Ulster hooker Rory Best insists Ireland possess the temperament to deliver on the big occasion but has demanded they raise standards throughout the World Cup.
A brilliant victory over Tri-Nations champions and tournament second favourites Australia indicated the Irish can be major players in New Zealand.
Following on the heels of denying England the Grand Slam in March, it was evidence the team has the ability to significantly lift their game against top opposition.
However, Best insists the challenge now is to improve for the remainder of Pool C as well as the knock-out stages.
“The good thing about this team is that when big games come there are big performances in us,” the Ravenhill favourite said.
“There's no doubt when you look at the calibre of players we have, and you look at what we've achieved in the past, that we have big performances in us.
“The big pressure for us now is to show it consistently. It can't be one big game followed by a couple of mediocre ones.
“From here on it must be big performance after big performance. It's a short tournament and we must raise our game every time.
“It was great to get a win against Australia but now we must make sure it's worth something come the end of the group.
“Our belief was never in doubt, but it's undeniable that beating Australia has given us a great chance to top this pool.
“It's put it all in our hands and it's up to us to take this chance. We need to be ruthless to enable us to kick on from here.”
Four successive defeats in the warm-up games ensured that little hope existed outside the Ireland camp that Australia could be toppled.
But Best insists last month's results had minimal impact on the belief of the team that they could perform at the World Cup.
“We go out to win every game so there's no doubt we were disappointed to lose those matches,” he said.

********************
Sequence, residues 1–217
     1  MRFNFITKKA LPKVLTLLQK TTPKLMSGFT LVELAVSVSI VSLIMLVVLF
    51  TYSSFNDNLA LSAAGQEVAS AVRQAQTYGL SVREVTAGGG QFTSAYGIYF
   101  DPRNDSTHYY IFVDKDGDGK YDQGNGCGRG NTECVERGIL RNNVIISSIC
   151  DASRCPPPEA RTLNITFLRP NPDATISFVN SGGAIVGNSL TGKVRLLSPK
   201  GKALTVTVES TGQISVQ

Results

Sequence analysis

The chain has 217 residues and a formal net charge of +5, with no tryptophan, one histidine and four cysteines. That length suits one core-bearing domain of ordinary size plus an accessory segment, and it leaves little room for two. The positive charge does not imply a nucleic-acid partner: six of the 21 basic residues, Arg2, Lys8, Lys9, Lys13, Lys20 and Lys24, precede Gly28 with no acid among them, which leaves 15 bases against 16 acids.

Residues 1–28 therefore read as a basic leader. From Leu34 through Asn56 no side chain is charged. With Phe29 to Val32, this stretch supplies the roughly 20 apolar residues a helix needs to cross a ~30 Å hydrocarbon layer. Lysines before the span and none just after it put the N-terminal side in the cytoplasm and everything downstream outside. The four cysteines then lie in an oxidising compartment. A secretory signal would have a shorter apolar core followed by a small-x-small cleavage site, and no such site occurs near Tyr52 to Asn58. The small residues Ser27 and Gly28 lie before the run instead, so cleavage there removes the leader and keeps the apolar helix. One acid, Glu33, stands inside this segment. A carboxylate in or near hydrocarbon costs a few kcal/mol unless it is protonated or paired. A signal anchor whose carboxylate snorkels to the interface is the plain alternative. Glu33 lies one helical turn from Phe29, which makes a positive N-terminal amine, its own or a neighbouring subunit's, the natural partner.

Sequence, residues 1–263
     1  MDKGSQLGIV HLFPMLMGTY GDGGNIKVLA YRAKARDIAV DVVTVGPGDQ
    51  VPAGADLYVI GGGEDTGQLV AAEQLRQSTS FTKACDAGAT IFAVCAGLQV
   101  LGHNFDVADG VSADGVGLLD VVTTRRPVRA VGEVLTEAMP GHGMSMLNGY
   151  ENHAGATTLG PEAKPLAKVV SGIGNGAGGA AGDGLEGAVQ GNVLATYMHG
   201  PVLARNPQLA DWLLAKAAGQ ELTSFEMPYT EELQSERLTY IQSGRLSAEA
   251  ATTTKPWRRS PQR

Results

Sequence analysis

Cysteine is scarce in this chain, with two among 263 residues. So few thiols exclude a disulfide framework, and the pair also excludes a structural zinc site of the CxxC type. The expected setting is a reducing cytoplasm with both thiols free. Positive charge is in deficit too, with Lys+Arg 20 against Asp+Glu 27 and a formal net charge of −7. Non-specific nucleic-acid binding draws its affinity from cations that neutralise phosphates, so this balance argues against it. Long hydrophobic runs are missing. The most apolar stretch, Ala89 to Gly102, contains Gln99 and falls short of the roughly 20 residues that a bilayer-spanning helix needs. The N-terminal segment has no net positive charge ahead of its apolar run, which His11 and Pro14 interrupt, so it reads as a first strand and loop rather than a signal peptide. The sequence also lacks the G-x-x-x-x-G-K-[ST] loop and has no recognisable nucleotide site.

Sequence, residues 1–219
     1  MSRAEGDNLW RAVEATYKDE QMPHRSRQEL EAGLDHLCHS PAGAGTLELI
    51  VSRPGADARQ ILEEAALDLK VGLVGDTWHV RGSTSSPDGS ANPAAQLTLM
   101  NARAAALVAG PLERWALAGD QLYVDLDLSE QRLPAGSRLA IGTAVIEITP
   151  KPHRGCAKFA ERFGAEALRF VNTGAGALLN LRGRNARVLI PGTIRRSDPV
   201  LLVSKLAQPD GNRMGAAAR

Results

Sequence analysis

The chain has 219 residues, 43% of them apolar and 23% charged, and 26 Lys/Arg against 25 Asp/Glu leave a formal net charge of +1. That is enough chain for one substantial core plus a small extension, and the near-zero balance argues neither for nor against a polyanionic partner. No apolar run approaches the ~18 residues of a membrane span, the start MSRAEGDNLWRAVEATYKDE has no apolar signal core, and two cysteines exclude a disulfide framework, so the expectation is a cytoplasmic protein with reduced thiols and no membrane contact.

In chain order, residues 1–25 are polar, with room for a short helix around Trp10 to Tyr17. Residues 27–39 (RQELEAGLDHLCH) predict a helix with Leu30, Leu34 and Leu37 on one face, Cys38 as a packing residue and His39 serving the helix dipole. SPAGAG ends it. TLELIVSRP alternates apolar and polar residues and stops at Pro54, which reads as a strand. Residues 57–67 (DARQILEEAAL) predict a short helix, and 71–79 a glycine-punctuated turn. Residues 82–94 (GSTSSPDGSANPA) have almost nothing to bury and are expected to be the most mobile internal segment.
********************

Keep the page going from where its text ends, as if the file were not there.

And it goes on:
“But we knew there was a bigger picture. There were aspects of our game we were happy with and there were aspects we needed to work on.”
One of the highlights from Eden Park was the potency of Ireland's scrum, which has now become a key weapon in their arsenal.
The Wallabies conceded five penalties from the set piece, two of which were punished by the boot of Ronan O'Gara.
Best added: “The scrum is a head on head on collision and if you get the upper hand in that arm wrestle... Teams have got on top of us in the past and it is quite tiring mentally. When you concede a penalty at a scrum you feel drained.
“There's no doubt that scrummaging performance took it out of Australia's back five around the pitch.
“Because they're such potent and destructive carriers we knew we needed to zap them a bit there.
“In the past we've been guilty of letting teams off the hook a bit in the scrum, but we were unrelenting and that's something we must keep up.
“We've strived to make the scrum a weapon. It's a good feeling to know that if we get it right, we can have a good day.
“We're starting to gain confidence in the scrum with every game that goes by.”
Paul O'Connell and Gordon D'Arcy sustained hamstring strains against the Wallabies, but have yet to be ruled out of Sunday's clash with Russia in Rotorua.
“The progress of both players will be monitored over the coming days,” an Irish Rugby Football Union statement read.
“No decision on their availability for the game against Russia will be made until the team is announced on Friday.”